Gold for Hunter in squat at IPF World Sub-Junior and Junior Powerlifting Championships
- 16-year-old fails to land a total, but sums up experience as superb
Guyana closed off its participation at the 2023 edition of the World Men’s Juniors and Sub-Juniors Classic Championships in Cluj Napoca, Romania, with a gold medal in the squat attained by 16-year-old Romeo Hunter contesting the 83kg Class.
Battling youths from 16 other nations at this marquee event, Hunter, the holder of 18 National records in the Open and Under-18 (Sub-Junior) Divisions, proved that he has world-class pedigree by out-squatting his rivals.
His 265.0kg (584lbs) squat proved to be unchartered territory for his rivals and he duly earned the gold medal on the world stage, on debut, a huge achievement for himself and Guyana. Italy’s Di Fabrizio Di Felice took the silver with 257.5kg, while the bronze went to Thomas Scanlon (252.5kg) of New Zealand.
His first attempt was 255.0kg (562lbs), which was good; his second attempt was the 265.0kg gold medal lift which was initially passed 2-1 by the officiating Referees only to be overturned by the Jury.
However, on his third attempt, Hunter made it count and cemented his name as the strongest Sub-Junior squatter in the world, proudly representing the ‘Golden Arrowhead’. Hunter’s gold is complimented by Dominic Tyrrell’s deadlift silver attained in the 74kg Junior category on Wednesday.
With the lead in the squat, Hunter was eyeing even more glory for Guyana and himself, but was unable to get any of his bench presses at 162.5kg, which meant that he was not going to be able to get a Total.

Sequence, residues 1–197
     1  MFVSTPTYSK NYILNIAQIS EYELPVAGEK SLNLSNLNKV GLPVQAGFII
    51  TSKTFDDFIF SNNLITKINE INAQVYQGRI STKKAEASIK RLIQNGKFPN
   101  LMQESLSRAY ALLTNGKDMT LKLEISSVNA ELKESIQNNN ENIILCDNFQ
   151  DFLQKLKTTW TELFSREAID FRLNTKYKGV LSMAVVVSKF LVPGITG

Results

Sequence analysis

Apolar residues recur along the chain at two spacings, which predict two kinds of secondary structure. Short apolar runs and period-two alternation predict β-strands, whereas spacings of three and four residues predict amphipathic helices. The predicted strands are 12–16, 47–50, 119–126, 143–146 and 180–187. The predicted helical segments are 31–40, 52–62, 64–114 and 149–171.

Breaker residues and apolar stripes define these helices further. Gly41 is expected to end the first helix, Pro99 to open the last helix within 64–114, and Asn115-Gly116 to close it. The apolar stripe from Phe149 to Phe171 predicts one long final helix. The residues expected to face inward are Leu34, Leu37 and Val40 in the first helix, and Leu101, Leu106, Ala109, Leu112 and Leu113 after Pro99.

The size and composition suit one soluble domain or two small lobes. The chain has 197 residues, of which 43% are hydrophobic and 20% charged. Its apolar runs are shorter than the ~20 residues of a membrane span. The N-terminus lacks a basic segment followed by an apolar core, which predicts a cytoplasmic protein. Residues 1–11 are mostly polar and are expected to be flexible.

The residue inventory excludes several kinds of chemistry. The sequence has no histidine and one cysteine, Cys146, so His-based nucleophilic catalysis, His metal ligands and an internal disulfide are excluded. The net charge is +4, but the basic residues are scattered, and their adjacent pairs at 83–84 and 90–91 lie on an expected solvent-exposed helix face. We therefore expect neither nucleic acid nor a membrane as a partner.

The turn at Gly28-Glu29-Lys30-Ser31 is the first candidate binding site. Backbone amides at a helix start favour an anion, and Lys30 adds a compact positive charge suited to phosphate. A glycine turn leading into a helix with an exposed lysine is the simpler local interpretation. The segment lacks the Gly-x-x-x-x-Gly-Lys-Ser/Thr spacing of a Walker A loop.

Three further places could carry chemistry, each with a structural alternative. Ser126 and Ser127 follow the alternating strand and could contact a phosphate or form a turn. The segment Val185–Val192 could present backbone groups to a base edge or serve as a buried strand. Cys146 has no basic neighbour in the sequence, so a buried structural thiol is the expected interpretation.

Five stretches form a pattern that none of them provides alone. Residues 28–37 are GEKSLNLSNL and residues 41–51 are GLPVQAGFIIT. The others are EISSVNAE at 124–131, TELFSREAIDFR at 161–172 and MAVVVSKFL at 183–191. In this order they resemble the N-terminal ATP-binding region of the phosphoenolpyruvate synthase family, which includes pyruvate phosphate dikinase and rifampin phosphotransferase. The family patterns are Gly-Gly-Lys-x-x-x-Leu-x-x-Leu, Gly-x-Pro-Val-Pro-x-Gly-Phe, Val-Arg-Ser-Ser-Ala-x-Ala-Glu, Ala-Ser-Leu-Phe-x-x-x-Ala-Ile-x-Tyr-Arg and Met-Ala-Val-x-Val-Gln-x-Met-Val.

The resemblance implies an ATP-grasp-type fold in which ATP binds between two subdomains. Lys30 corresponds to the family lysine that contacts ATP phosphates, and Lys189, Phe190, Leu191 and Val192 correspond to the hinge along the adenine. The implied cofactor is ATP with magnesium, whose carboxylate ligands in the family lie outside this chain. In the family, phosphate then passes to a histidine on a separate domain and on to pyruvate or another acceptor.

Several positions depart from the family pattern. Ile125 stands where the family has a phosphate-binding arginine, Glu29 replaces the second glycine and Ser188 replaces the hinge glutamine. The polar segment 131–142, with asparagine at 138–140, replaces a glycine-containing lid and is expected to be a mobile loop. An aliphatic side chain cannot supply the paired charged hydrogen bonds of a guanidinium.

He was allowed to continue lifting and did the deadlift where the scores were counted.
However, his coach and father Oudit Seenarain, and himself along with Manager/Coach Franklin Brisport agreed that the experience gained by continuing to lift would be invaluable in years to come as Hunter has two more years as a Sub-Junior.
He went into the competition ranked ninth in the world in the 83kg Class and made his presence felt, despite not being able to land a total.
Commenting after the presentation ceremony, young Hunter said that he was first and foremost grateful to God for allowing him the health and strength to be able to compete against the best in the world.
“This is something that I have always dreamt about and it has become a reality, I don’t think it has really sunk in as yet. The journey has been good for me but it did not actually work out the way I would have loved, as I was unable to get any of my bench presses. However, I have made my country and myself proud by winning the squat gold here in Romania and proving to the world that I am the best.”
Hunter was high in praise for his dad, Oudit, the mentorship, and guidance he has given him over the years.
“My dad must be afforded lots of praise for shaping me into a world-class athlete and to him I am very grateful along with my family. I would like to also thank the Guyana Amateur Powerlifting Federation, Minister of Sport Charles Ramson Jr., Director of Sport, Mr. Steve Ninvalle, and the Guyana Olympic Association for all the support they have given to me and the team here in Romania. I will be back again and make up for this, trust me and believe in me as you have done now.”